Redondo Beach voters will have the opportunity to change the city charter when they go to the polls November 4th. The changes that concern me might seem minor, really just two words. But the impact will be anything but minor.
I’m voting NO on Proposed Charter Amendments CM and BE. I hope enough of my fellow citizens will consider the real impact of these changes to our city charter and together we can defeat them.
The ballot measures will extend term limits for the Mayor, City Council and School Board from two terms to three terms. What was once a mandatory maximum of eight years in those positions would now be extended to twelve years.
I want to start on a positive note. I’ll get to the negative part soon enough. Members of the City Council who want to continue to serve the city beyond their mandated eight years should be commended. When it’s done correctly, sitting on the council takes a lot of time and effort and provides very little reward.
Power, even the relatively insignificant amount that comes with service on the city council of a small city, is a powerfully addicting intoxicant. Once people taste it, they almost always want as much as they can get.
I don’t believe that’s the only reason members of our City Council want to serve longer but I believe that’s the ugly, underbelly of these two proposed amendments. Candidly, proponents of the amendments might tell you they want to continue the momentum the council has established with harbor re-development plans. I like the sentiment behind that. I’m all for redeveloping the harbor and against getting bogged down in endless quarrels that divert us from those goals.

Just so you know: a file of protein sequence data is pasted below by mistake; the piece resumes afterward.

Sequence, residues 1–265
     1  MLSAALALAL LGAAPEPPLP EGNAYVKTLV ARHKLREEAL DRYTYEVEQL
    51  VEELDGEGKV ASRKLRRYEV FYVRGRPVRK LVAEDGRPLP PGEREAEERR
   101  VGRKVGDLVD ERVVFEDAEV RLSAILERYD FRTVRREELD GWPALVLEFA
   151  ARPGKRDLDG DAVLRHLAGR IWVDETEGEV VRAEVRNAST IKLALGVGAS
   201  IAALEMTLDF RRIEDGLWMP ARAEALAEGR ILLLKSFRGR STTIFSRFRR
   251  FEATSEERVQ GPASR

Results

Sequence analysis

Past initiatives that changed city policy such as Measures G, DD and A wound up on our ballots because thousands of citizens signed petitions. Proposed Charter Amendments CM and BE didn’t follow that path. There was no popular uprising among voters who couldn’t bear the thought of losing council members who were about to term out. The only reason our current City Councilors might get a chance to continue sitting on the council after two terms is because three of five council members voted to put the matter on the ballot.
If the Amendments pass, two term councilmen, mayors and school board members will most likely return for a third term. Incumbents get re-elected. Ninety percent of incumbents in congress who ran for re-election in 2012, won their races. Earlier that year, polls showed only 23% of the public regarded congress favorably. You don’t have to do a good job to get re-elected. All you have to do is run.
Locally, the numbers are probably a little better. If you kept your head down, didn’t rock the boat, returned constituents’ phone calls and you’re not running against someone who’s better known and better liked, you are going to get re-elected.
Our entire government, from the president down to local elected officials, is a representative democracy. Every voter who wants to serve (with a few exceptions) has the opportunity to run for office. A candidate who convinces enough voters his or her vision and qualifications are better than the other candidates’, earns the privilege of serving.
An additional four-year term for our current elected officials will not subvert the democratic process. We will still live in a democracy. Waves will get bigger after a storm and parking will still be impossible near the beach on summer weekends.
But the chance to serve will be denied to many people who might have been able to offer new and valuable talents and experiences to the community. Nothing would keep these people from running but with a ten percent statistical probability of winning an election against an incumbent, few if any will get elected.
There are risks to voting NO on Proposed Charter Amendments CM and BE. New Council and School Board members will need to learn a lot and they may stumble a bit in the beginning. The risk of stagnant, predictable ideas and outcomes is far more frightening to me.
I’ve had serious disagreements with policies and positions some of our elected officials hold and have held in the past. I have always known the questions these people force the community to ask and answer are essential to making proper, informed and beneficial decisions. I believe in the end, the city of Redondo Beach will get most of it right and we won’t have to sacrifice any part of our democratic principles in the process.